Monthly family allowances. Preschool for 4-year-olds. Affordable daycare. These notions are familiar in Quebec. In the United States, they are, for the time being, a dream for the great majority of the population. But this dream can quickly become a reality to which Quebec might, it its way, contribute.
In the framework of his post-pandemic economic revival, Joe Biden wants to invest some $775 billion in services to families and children over the next decade — sums without precedent in this area.
It’s time. Our neighbor to the south can certainly boast of having the largest economy in the world, but there is more infant poverty there than in Mexico and Russia, according to a 2019 report of the Organization for Economic Cooperation and Development. Ouch.
A regular family allowance, which has proven its worth here, could cut this shameful figure in half, according to researchers at Columbia University. The American president feels that it is necessary to move in this direction. Very well.
Like the rest of Canada, which is thinking of drawing inspiration from the Quebec model, Biden can also look to the heart of Quebec to see the impact of the establishment of a network of affordable daycare centers on women’s employment, one of the great losers of the pandemic.
Recent studies in Quebec demonstrate that the diminution of child care costs can lead to a significant increase in the participation of women in the job market, especially those mothers earning less than $40,000 per year. In 2019, before the pandemic, the employment rate of mothers of children under 5 years in Quebec was over 17% greater than that in the United States — a big difference.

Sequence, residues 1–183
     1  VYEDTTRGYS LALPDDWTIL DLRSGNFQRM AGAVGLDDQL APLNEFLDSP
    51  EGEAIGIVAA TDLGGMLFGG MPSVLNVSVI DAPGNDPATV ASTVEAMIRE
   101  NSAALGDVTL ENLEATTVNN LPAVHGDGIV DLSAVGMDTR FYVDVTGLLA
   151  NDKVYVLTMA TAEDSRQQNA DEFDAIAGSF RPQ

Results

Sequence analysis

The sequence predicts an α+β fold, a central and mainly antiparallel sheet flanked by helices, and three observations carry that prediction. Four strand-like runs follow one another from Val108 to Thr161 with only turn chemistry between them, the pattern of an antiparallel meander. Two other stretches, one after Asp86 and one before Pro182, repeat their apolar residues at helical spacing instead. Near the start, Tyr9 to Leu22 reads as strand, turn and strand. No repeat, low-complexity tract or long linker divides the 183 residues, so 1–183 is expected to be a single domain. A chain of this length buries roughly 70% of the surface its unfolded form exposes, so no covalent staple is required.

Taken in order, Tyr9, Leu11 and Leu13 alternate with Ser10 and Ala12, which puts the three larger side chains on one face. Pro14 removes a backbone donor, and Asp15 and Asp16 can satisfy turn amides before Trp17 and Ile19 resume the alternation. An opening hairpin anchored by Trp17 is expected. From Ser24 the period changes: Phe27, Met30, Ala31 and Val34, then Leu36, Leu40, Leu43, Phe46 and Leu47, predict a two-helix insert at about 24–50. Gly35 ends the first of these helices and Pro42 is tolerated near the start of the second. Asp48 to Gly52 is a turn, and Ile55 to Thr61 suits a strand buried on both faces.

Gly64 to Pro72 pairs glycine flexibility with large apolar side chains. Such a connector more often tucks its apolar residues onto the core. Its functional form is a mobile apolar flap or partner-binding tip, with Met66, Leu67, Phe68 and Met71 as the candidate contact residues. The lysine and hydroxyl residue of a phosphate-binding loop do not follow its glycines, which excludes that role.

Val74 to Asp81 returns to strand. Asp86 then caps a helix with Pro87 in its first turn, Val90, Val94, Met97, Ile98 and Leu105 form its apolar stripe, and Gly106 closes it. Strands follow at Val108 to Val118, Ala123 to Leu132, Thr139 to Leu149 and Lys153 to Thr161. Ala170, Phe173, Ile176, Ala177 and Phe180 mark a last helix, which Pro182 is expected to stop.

It has also been established that measures introduced in Quebec in the 1990s allow the mothers of toddlers to work fewer hours per week. Which makes perfect sense. If you don’t have to mortgage your house to pay for child care, you can then limit your work week so as to balance work and family.
The province already has a home visit program for at-risk future parents, a program that the American giant is planning to establish.
Quebec thus seems particularly well placed to aid the American government in reexamining its family policies by sharing its success stories, no doubt, but also its missteps.
In the latter category, consider in particular the shortage of places in early childhood centers, victims of their own success. Or the large disparities in quality between various facilities that, over the long term, impact children’s well-being. Or again, the failures of the single point-of-entry system for finding a place in the 0-5-year daycare slot.
After all, we are 25 years ahead in this area, with all that that implies for success and for pitfalls.
Such a sharing of lessons learned would, besides, be a fine way to return the favor. The Quebec model was constructed in part based on American research into early childhood. The Head Start programs south of the border, focused on selected children from underprivileged areas, are the very origin of the educational and social model of our early childhood centers. But since then, the student has gone much further than the teacher.
The child welfare leadership draws on American studies and practices in order to direct a portion of its interventions toward the most vulnerable children.
Do the Americans want our advice? That remains to be seen. Those who know the United States well know that Uncle Sam, convinced of its exceptionalism, is disinclined to look for solutions beyond its borders. On the other hand, it doesn’t hurt to try. All the more so since within the Biden administration, there are several allies who know Canada well, even Quebec, and who believe in the virtues of multilateralism and comparative politics.
In the long term, we all have an interest in lending a helping hand to what seems like a true small revolution for families south of the border. Eventually, the American experience will nourish our own. The children will be the big winners.
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